Friday, 1 October 2010

When We Were Social Democrats




Whilst I don't like to idealise any type of society or overstate the influence of an economic system on the psychology of the people, it does strike me as interesting that before we were diverted from the road to serfdom, Britain showed resilience against terrorism that seems astounding to someone who has lived through the hysterical 'war on terror' in neo-liberal privatisation-mad Britain. From Simon Jenkins in The Guardian:

'In the mid-1970s, the Provisional IRA staged some 50 explosions in London, subjecting the city to far greater mayhem than today. Somehow we survived without the gargantuan counter-terror apparatus in place today. The bombing campaign came nowhere near toppling the British government or infringing the liberty of the state.'

Well, some Irish Catholic immigrants might not have felt that the British state was a model of liberty at the time and it would be ridiculous to ignore the very real human rights abuses that the state carried out against many innocent Irish people. However, it does seem to me that the British government overall did handle the IRA terror threat with a certain level-headedness. As a historian, I'm often interested in how Heath and Wilson will be remembered. Those who lived during their time seem to have remarkably low opinions of them (it is notable that Jenkins treats the attitudes of the time as common-sense without praising Heath or Wilson). Perhaps this is bi-fold: firstly social democracy may be more appealing as a dream than as a reality. Secondly, I think that the boomer generation spent so much time hating authority with values, that they would be hard pushed to recognise that we've gone backwards.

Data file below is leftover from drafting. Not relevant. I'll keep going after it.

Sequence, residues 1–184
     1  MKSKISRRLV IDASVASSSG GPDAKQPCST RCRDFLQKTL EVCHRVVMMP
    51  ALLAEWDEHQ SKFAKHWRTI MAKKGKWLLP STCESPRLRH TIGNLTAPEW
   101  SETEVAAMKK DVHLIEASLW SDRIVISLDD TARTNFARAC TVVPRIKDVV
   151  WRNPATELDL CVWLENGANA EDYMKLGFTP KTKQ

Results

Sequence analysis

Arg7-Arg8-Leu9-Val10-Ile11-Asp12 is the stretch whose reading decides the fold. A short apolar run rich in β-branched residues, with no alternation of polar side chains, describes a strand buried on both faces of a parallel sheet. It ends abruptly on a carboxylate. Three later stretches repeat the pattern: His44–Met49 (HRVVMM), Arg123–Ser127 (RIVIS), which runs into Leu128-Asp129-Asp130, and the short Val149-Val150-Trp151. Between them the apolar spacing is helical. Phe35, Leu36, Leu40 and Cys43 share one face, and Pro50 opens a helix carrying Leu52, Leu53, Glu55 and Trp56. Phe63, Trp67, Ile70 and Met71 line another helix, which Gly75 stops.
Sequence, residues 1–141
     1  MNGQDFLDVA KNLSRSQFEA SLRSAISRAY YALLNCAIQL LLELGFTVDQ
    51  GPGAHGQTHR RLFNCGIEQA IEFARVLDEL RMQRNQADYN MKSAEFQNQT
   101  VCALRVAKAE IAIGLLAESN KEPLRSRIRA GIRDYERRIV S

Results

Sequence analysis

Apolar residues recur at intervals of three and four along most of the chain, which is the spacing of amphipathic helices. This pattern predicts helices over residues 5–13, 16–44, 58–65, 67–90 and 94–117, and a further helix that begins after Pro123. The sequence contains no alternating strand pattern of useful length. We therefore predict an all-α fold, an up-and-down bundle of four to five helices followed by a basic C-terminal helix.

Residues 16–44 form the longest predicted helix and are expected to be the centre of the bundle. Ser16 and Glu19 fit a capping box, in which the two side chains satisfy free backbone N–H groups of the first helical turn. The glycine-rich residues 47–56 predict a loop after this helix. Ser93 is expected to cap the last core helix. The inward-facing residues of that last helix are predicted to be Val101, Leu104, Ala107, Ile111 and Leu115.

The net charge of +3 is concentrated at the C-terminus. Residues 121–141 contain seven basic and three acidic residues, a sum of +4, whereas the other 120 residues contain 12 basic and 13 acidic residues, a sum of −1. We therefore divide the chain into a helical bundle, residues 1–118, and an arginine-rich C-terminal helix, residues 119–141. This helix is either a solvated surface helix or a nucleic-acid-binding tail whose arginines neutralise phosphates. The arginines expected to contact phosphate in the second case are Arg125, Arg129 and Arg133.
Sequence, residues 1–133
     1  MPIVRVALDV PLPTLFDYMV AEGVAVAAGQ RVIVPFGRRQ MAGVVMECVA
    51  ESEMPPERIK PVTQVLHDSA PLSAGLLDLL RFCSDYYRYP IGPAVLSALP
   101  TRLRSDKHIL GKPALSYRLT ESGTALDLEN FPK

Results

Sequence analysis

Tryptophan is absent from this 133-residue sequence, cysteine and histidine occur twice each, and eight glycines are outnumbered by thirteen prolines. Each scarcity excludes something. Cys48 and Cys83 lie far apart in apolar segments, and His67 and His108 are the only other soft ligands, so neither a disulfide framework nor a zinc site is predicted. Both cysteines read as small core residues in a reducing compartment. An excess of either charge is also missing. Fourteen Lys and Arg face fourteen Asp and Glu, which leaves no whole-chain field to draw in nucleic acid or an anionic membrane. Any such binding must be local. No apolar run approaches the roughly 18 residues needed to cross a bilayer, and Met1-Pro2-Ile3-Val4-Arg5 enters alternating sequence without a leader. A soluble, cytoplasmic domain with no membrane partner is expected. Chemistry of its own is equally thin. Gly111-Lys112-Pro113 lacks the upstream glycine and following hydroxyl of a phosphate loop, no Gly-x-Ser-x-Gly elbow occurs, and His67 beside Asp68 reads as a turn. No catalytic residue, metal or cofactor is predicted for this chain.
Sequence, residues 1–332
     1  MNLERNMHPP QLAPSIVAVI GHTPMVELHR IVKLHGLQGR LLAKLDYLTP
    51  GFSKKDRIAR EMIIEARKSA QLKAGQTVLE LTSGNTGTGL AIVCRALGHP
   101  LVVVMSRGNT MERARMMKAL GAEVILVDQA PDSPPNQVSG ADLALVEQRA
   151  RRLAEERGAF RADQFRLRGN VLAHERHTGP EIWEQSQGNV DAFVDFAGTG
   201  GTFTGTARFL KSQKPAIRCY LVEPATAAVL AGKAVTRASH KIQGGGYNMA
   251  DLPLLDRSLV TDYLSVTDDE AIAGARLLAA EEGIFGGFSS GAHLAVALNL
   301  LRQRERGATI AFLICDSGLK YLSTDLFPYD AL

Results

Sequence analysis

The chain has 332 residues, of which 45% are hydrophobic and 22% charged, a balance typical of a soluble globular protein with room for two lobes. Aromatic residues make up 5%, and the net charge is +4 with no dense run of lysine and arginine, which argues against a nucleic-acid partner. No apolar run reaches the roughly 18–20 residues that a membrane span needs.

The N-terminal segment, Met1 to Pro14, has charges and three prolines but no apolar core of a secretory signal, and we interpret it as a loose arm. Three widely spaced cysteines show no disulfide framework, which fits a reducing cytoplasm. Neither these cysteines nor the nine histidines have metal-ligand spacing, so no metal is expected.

Be that as it may, I do think that history will be more generous to the people they fought against and criticised than it will be to those they supported and who are now destroying what their parents struggled for.

3 comments:

  1. Very insightful post, Gregor. I generally don't like to engage in generational warfare, but I think some Boomers fail to realize how good they had it compared to their parents and perhaps compared to their children (we'll have to wait and see on that last bit).

    Economic liberals benefit from the fact that their system's heyday is far enough into the murky past that people often fail to realize how awful it was under classical liberal economics. On the other hand, many people remember the periods when Keynesianism ran into problems, like in the 1970s.

    In my own personal experience with economically right-wing Boomers, the 1970s is recounted as a kind of decade from Hell. To be honest though, I think I'd take stagflation over the brutal deflation we have now.

    On the topic of terrorism, I think much of the overreaction is being fed by the private security industry that has made a bundle out of the War on Terror. Security is one of the few growth industries left in the United States.

    ReplyDelete
  2. @John
    Thank you for your comment. I also generally dislike generational warfare. I think especially in America it is adopted by the right to attack retirees. However, in Britain it's a bit different. the British boomer generation really has failed to see the type of world they've helped create and how by any objective standard the social democrat world they came into gave them many more opportunities than we have.

    As for 70s, it's the same here in a sense, but according to polls, Brits were happiest in the 70s which was also the most egalitarian decade in Britain.

    @Bruno
    Muito obrigado!
    (is that right? I have recently started trying to learn Portuguese)

    ReplyDelete